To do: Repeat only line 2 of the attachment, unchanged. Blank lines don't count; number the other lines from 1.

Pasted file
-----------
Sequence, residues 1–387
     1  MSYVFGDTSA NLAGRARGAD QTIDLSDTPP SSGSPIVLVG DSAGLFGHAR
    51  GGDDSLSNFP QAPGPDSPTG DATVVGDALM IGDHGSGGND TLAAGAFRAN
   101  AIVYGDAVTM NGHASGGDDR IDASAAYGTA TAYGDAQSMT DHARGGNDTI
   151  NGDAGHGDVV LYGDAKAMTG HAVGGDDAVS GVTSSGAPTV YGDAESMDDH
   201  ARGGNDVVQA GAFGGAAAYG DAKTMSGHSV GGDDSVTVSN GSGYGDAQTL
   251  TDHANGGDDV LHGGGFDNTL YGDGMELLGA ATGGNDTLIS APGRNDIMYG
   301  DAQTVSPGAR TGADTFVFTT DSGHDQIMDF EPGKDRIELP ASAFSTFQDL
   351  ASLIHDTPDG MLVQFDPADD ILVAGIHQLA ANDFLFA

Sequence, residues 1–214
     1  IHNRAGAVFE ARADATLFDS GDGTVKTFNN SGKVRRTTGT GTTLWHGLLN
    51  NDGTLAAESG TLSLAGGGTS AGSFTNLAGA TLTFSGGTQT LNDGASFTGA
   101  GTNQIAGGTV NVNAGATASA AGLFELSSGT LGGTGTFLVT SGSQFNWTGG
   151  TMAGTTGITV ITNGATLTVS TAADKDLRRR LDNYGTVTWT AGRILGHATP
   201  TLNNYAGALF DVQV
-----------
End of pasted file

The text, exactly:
     1  MSYVFGDTSA NLAGRARGAD QTIDLSDTPP SSGSPIVLVG DSAGLFGHAR